Q: How did you begin your journey as an artist?
A: My curiosity with art began in my early childhood. I was constantly creating - painting, drawing, and crafting for hours in my bedroom. When I reached high school, I was accepted into Etobicoke School of the Arts. It was there I received my formal training in the arts, and I'd say my journey really began there.
Q: How has your art evolved? Has your science background had an impact on your art?
A: My art was originally centered around creating colourful pieces with the intention of adding beauty to a space. I worked mainly in acrylics (sometimes oil) that focused on nature and nude figure studies. Over the years my chronic illness unfortunately progressed (I live with a disease known as myalgic encephalomyelitis, ME/CFS for short). In response, I had to adapt to different mediums because of my physical limitations. Collage, photography, makeup art, and sculpture are less labour intensive, and therefore more accessible. What evolved most in my art is the intention behind my work. I still want to create art that is beautiful, but most importantly, I want to use it as a tool for storytelling and raising awareness (for ME/CFS).
I think in not so direct but very profound ways, my science background has impacted my art. The experiences I draw from when creating, are about navigating life in a chronically ill body. For over a decade I was very sick but managed to obtain a BSc in Nutrition and Nutraceutical Sciences and nearly finish an ND degree (naturopathic medical degree). When my illness progressed, there was an overwhelming grief I had to confront when I had to leave the ND program.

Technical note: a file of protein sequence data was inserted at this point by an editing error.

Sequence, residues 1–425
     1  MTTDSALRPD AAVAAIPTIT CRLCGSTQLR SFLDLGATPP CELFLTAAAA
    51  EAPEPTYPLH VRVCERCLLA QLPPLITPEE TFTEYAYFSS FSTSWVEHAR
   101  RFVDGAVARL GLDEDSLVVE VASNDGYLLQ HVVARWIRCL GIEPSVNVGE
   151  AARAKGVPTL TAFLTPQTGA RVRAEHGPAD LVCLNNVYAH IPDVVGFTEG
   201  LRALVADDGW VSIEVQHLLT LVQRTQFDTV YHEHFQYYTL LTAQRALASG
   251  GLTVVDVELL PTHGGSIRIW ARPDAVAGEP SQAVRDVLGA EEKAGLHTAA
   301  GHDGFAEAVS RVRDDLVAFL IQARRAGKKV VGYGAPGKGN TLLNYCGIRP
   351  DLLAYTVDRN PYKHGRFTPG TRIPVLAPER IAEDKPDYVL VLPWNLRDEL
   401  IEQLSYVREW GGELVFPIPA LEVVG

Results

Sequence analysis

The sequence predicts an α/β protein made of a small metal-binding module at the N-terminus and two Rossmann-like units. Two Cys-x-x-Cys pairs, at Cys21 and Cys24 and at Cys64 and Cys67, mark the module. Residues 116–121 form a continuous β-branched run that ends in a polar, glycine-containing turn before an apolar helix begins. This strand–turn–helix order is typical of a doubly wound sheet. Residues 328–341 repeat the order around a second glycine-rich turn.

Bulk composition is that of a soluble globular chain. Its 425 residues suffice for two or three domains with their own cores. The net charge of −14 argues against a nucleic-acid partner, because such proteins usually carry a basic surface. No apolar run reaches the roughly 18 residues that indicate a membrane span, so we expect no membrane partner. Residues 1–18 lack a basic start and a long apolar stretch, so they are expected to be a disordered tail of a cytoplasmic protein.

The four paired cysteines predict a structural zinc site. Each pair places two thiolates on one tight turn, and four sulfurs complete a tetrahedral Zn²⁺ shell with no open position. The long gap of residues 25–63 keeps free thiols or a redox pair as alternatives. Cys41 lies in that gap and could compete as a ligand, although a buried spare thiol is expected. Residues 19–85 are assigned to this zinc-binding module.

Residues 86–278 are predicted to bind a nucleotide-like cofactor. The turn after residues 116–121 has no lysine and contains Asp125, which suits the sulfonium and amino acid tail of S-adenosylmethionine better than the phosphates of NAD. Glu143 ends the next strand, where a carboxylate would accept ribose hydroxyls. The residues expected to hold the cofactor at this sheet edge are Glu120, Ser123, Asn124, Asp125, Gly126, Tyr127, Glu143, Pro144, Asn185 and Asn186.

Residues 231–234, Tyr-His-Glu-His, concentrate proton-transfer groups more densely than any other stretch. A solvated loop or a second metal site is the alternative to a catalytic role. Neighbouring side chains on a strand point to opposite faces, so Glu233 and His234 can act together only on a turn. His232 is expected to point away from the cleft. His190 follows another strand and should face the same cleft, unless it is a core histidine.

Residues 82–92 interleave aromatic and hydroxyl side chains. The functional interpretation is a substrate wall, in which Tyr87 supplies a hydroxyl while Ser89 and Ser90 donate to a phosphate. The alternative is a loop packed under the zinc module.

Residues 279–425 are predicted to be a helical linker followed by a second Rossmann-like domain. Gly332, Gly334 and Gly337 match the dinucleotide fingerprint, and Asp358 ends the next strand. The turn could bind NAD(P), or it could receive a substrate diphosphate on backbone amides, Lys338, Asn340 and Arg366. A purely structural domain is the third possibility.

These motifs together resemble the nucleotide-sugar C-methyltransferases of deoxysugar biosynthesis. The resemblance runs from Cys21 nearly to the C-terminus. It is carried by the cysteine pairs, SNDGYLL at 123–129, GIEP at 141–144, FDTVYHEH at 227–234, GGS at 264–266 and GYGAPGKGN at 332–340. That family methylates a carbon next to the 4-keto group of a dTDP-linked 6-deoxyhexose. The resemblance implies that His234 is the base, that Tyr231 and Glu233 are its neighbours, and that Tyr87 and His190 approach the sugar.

My pursuits in nutrition and medicine revealed an undeniable gap. The knowledge and understanding of human physiology and biochemistry in relation to ME/CFS were nowhere to be found. Those answers are not even known by world renowned scientists studying ME/CFS, and somehow I naively believed I could heal myself if I just ate the right foods, took the right supplements, did the right yoga poses, cited the right mantras, etc. It was a painful realization, to know that I had bankrupted my health further in the desperate pursuit of answers to heal/manage my ME/CFS. In this way, my science background indirectly influences my art because my work often touches on a deep grief, heart crushing disappointment, anger, and desperation.
Q: Has the pandemic had an impact on your work, and if so, how?
A: I think the pandemic has definitely impacted my work. It amplifies experiences that were already there to begin with, as someone living with a very marginalized chronic illness. Feelings like grief, isolation, uncertainty of the future, yearning for the way things once were, fear of others (their judgements and ableist comments pre-pandemic; now it's them giving me COVID plus their judgements and ableist comments). These themes have been really central to my work over the past year, and the pandemic has undoubtedly influenced that.